People who support smoking are more likely than non-smokers to use social media to support their own beliefs and behaviors, a study finds.
The study stated that pro-smoking campaigners could not support each other offline; therefore, they are moving toward social media to contact each other and set up ties to each other using platforms like Twitter.
Mina Park, an assistant professor at Edward R. Murrow College of Communication, Washington State University, conducted the study, which involved 986 Twitter users and 23,492 following-follower links.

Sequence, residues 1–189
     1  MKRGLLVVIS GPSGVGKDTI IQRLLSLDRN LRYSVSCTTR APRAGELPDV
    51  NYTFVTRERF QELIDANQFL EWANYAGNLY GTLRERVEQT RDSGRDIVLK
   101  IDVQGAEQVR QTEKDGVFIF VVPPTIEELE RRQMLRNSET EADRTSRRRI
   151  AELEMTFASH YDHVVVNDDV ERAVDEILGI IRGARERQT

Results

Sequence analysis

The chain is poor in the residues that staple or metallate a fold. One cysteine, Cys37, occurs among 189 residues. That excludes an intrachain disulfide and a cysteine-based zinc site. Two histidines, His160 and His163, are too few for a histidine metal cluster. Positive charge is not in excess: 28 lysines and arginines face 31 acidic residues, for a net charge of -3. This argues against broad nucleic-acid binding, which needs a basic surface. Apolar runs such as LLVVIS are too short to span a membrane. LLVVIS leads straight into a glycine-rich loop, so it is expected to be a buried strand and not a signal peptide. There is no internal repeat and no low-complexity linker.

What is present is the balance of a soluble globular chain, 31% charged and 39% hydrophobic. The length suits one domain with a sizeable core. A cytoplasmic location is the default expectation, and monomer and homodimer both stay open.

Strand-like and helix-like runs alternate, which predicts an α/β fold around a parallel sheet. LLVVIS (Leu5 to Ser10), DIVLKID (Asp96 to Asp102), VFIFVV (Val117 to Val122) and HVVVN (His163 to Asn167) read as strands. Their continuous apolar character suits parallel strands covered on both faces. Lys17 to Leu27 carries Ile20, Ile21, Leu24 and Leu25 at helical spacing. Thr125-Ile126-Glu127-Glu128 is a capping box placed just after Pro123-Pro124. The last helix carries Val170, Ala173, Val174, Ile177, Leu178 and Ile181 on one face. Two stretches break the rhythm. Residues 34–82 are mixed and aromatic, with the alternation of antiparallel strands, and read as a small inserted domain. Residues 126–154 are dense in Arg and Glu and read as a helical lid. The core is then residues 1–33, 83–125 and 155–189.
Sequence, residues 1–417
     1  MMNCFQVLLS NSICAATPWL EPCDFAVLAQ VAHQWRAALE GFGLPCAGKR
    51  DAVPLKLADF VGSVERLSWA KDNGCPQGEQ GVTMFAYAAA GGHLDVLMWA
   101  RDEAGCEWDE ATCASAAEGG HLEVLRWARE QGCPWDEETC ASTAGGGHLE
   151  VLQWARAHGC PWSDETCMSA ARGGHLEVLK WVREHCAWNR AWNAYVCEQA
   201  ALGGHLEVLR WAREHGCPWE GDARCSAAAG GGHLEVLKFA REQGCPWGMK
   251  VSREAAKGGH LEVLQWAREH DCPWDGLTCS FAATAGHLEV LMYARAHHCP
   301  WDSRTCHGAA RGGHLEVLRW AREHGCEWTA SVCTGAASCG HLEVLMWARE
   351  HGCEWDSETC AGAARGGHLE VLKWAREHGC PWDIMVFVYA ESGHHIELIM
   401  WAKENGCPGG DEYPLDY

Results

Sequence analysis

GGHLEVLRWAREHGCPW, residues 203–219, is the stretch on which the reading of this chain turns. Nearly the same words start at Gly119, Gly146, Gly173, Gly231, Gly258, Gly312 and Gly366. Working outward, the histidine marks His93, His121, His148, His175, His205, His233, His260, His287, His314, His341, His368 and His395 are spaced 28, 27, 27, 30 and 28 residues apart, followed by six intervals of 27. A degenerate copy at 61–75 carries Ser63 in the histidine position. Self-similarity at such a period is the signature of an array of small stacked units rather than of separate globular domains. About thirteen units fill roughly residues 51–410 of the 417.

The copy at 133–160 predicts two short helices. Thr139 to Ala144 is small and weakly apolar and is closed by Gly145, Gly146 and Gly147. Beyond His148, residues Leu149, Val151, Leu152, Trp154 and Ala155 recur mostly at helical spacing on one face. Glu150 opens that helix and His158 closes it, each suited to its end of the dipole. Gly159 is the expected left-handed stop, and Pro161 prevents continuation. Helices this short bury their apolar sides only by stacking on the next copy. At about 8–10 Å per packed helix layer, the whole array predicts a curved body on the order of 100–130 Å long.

The study found that most of the pro-smoking campaigners, who were mostly individuals without any relations to any groups or organizations, were more closely connected than anti-smoking users or campaigners on Twitter, as their network.
Pro-smoking campaigners connected to each other by dodging the Twitter regulations and using some jargon such as “baccy” or “juice” when they were referring to tobacco and e-cigarettes’ liquid.
To link to this article: https://doi.org/10.1080/10810730.2019.1709924
To cite this article: Mina Park (2020) How Smoking Advocates are Connected Online: An Examination of Online Social Relationships Supporting Smoking Behaviors, Journal of Health Communication, 25:1, 82-90, DOI: 10.1080/10810730.2019.1709924